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The Potential of Magic Mushroom Therapy

Authored by Pat Li

Art by Sammie Lee

The infamous “magic mushrooms'' responsible for giving people hallucinations are becoming more widely established as a treatment for those struggling with mental illness. Psilocybin is a hallucinogen found in these magic mushrooms [1]. The benefits of psilocybin had been broadly researched during the 1950s to 1960s, prior to the ‘War on Drugs’ that antagonized such practices during the 1970s and afterward. Psilocybin remains a banned drug according to the Drug Enforcement Administration, or DEA. These hallucinogens are categorized as Schedule I drugs, or treatments that are not recognized as having valid medicinal benefits and are subject to drug abuse [2].

In spite of these legal barriers, there remains evidence that psilocybin could beneficially affect the brains of those who suffer from depression. According to findings from a study conducted at Weill Cornell Medicine, people with depression have brains that promote a physical landscape of rigidity. These deep wells forming in the brain make it more difficult for someone to move between their distinct thought processes [3]. They utilized a specific clustering algorithm to identify standard activity patterns in the fMRI data. Additionally, they created a model of the primary connections between different regions in the brain using a structural imaging technique called diffusion MRI on data from healthy volunteers. The two sets of data were then combined to determine the minimum amount of energy required to switch between activity states while under the influence of LSD, psilocybin, or a placebo [3]. They discovered that psychedelic drugs decreased the typical energy barriers, making it easier for the brain to switch between states.

From there, the scientists charted the serotonin 2a receptors' arrangement in the brain by utilizing data from PET research. Although LSD and psilocybin affect various receptor types in the brain, serotonin 2a receptors are believed to be their primary targets [3]. By simulating how these receptors' heightened activity due to the drugs could alter the typical energy barriers in the brain, the team discovered a similar barrier-lowering shift to the one detected between the placebo and psychedelic groups in the fMRI examination.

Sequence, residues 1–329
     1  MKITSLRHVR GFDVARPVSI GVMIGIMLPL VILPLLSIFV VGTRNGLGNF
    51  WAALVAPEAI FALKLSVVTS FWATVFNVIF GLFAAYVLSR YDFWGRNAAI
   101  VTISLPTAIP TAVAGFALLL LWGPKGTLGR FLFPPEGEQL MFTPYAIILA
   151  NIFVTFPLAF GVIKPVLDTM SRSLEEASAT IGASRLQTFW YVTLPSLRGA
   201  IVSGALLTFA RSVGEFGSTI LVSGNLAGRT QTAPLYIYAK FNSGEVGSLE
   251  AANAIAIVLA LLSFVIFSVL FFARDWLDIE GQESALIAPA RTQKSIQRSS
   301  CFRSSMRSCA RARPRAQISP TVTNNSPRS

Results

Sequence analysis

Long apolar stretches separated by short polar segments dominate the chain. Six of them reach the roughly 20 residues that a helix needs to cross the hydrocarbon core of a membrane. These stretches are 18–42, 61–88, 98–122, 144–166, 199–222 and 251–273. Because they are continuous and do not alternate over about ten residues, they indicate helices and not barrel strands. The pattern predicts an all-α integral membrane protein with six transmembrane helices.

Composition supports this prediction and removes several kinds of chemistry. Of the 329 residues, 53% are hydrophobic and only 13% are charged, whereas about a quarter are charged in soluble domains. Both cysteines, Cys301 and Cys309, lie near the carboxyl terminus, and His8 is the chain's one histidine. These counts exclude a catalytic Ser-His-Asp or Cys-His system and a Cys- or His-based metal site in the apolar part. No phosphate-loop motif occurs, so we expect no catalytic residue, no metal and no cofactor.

There is more support behind the benefits of psilocybin at other universities. A randomized clinical trial conducted by Johns Hopkins revealed that approximately 71 percent of their patients had undergone a noticeably positive response, indicating that their mental health was better a minimum of four weeks following this treatment [4]. One potential hypothesis for why people experience such relief when undergoing these trips could be attributed to psilocybin’s ability to encourage practical and structural neuroplasticity, allowing our brain to form better connections due to its ‘flattening’ of the neural landscape [5]. 

US government funding agencies have not yet backed research on the therapeutic use of psilocybin, likely due to the complicated social history of classic psychedelics and their association with cultural changes during the 1960s and early 1970s. However, as more evidence emerges supporting their safety and effectiveness, it will become important for the government to support careful and scholarly research on the therapeutic use of these substances. Recent studies on psilocybin have shown long-lasting therapeutic effects that could alleviate suffering for various disorders, suggesting that psychedelic therapy could become an important new field of medicine.


  1. Psilocybin—Alcohol and drug foundation. (n.d.). Retrieved March 24, 2023, from

  2. Drug scheduling. (n.d.). Retrieved March 5, 2023, from

  3. Singleton, S. P., Luppi, A. I., Carhart-Harris, R. L., Cruzat, J., Roseman, L., Nutt, D. J., Deco, G., Kringelbach, M. L., Stamatakis, E. A., & Kuceyeski, A. (2022). Receptor-informed network control theory links LSD and psilocybin to a flattening of the brain’s control energy landscape. Nature Communications, 13(1), 5812.

  4. Davis, A. K., Barrett, F. S., May, D. G., Cosimano, M. P., Sepeda, N. D., Johnson, M. W., Finan, P. H., & Griffiths, R. R. (2021). Effects of psilocybin-assisted therapy on major depressive disorder: A randomized clinical trial. JAMA Psychiatry, 78(5), 481–489.

  5. Psilocybin rewires the brain for people with depression | uc san francisco. (2022, April 11).

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